I guess we had better start paying closer attention to how the establishment press labels -- and mislabels -- congressional districts.
The headline at the Associated Press at a lengthy column composed by Charles Babington bemoaning the lack of willingness of Ohio First District Congressman Steve Chabot to "compromise," i.e., sell out his principles, reads as follows: "PARTISAN DISCORD FINDS ROOTS IN TOSS-UP DISTRICTS." Uh, Chabot won the district in the 2012 elections by 20 points. Babington's attempt to justify the "toss-up" classification also falls flat:
If any Republican House members might be open to compromise with President Barack Obama and Democratic lawmakers, Rep. Steve Chabot would seem near the top of the list. He comes from an area so politically competitive that he lost his seat in 2008 to a Democrat, then won a rematch two years later. His new, redrawn district is safer, but Mitt Romney's 5-point margin over Obama was hardly a landslide.
Chabot lost in 2008 to a Democrat, Steve Driehaus, who pretended to be pro-life and moderate, and was neither.
Despite his pro-life pretense, Driehaus voted for ObamaCare. In 2010, the pro-life political actiona group Susan B. Anthony's List (SBAL) went after Driehaus for his obviously antilife vote. After Chabot defeated Driehaus in that year's rematch by 5-1/2 points, Driehaus sued SBAL for (I'm not kidding) "loss of livelihood." Fortunately, Driehaus's sore-loser claim finally got tossed in January.
It's not impossible, but nevertheless quite difficult hard to imagine that there's a Democrat who can pull off the lie about being pro-life as Driehaus did for a time and defeat Chabot. His 2012 opponent was pro-life in the middle of the previous decade but, like so many other Democrats, has somehow changed his mind about the importance of defending the unborn in recent years.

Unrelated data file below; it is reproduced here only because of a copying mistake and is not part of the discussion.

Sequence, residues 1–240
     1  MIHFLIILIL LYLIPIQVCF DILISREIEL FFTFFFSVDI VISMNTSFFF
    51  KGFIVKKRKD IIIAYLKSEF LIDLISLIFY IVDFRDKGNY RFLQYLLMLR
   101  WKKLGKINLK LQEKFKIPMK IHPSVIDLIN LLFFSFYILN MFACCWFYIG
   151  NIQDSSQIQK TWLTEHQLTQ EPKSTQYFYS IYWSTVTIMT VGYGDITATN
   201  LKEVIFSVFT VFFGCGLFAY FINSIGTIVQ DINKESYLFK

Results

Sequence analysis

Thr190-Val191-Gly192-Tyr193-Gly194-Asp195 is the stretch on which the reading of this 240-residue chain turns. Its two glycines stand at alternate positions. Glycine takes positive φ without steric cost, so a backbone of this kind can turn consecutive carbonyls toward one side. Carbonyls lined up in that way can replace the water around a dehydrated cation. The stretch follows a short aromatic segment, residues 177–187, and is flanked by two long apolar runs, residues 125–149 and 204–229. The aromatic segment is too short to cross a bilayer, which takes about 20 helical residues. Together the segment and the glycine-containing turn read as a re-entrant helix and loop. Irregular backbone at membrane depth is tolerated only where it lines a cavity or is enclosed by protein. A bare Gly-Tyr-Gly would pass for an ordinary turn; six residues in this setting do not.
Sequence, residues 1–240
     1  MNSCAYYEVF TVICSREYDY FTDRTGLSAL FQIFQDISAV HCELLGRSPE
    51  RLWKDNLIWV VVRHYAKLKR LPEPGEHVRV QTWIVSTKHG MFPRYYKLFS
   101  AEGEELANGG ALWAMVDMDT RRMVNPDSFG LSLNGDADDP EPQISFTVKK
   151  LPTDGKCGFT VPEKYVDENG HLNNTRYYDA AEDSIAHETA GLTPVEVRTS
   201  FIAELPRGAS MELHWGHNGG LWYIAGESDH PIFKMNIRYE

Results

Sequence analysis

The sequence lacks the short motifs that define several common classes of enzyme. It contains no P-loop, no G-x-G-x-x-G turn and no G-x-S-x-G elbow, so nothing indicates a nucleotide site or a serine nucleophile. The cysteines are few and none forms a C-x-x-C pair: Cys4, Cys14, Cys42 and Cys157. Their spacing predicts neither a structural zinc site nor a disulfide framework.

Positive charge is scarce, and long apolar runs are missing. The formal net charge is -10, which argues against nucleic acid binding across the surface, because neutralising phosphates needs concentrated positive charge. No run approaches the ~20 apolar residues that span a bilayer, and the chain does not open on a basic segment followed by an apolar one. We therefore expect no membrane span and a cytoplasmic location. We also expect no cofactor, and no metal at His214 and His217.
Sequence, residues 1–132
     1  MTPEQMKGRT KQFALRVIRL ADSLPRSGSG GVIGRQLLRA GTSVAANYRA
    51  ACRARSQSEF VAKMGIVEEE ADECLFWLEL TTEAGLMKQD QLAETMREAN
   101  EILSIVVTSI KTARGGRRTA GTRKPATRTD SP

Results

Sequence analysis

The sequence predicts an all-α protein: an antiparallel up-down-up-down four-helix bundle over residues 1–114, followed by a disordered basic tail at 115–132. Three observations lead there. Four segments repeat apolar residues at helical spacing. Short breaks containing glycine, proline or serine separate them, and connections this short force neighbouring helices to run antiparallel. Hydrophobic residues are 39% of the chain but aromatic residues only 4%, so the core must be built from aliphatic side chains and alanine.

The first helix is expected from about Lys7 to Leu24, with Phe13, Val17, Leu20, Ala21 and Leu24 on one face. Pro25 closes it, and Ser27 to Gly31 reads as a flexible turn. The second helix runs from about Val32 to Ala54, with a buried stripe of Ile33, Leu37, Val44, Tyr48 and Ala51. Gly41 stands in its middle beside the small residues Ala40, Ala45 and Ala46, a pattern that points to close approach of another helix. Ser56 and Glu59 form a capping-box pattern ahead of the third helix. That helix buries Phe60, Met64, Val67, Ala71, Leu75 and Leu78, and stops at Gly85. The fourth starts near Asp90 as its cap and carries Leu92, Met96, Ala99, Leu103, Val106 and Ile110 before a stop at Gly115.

Babington's definition of "compromise" seems to be "agree to tax increases every time President Obama asks for them, in return for spending cuts which never occur," as seen in this passage:
Obama repeatedly says he can't begin to rein in costly entitlement programs dear to liberals such as Medicare and Social Security without Republicans agreeing to new taxes, chiefly on the rich. That's a non-starter for Chabot.
"I think we're already overtaxed," he told the gathering here. If anything, taxes should be cut, he said.
Like most of his House GOP colleagues, Chabot says Obama extracted all the new tax revenue he'll get when he forced Republicans to swallow the year-end "fiscal cliff" deal. It will generate about $620 billion in new revenues over 10 years. That's well below the $1 trillion the Republican House speaker suggested in December as part of a deficit-reduction "grand bargain," which never came to fruition.
Charles, Charles -- The "grand baragin" assumed meaningful action on genuine spending cuts. Obama got his most recent tax increase and then tried and failed (so far) to undo the sequestration cuts.
Back on point: If Babington and AP really think OH-01 as currently drawn is a "toss-up" district, their definition of "toss-up" must really be: "Any congressional district represented by a Republican."
Cross-posted at BizzyBlog.com.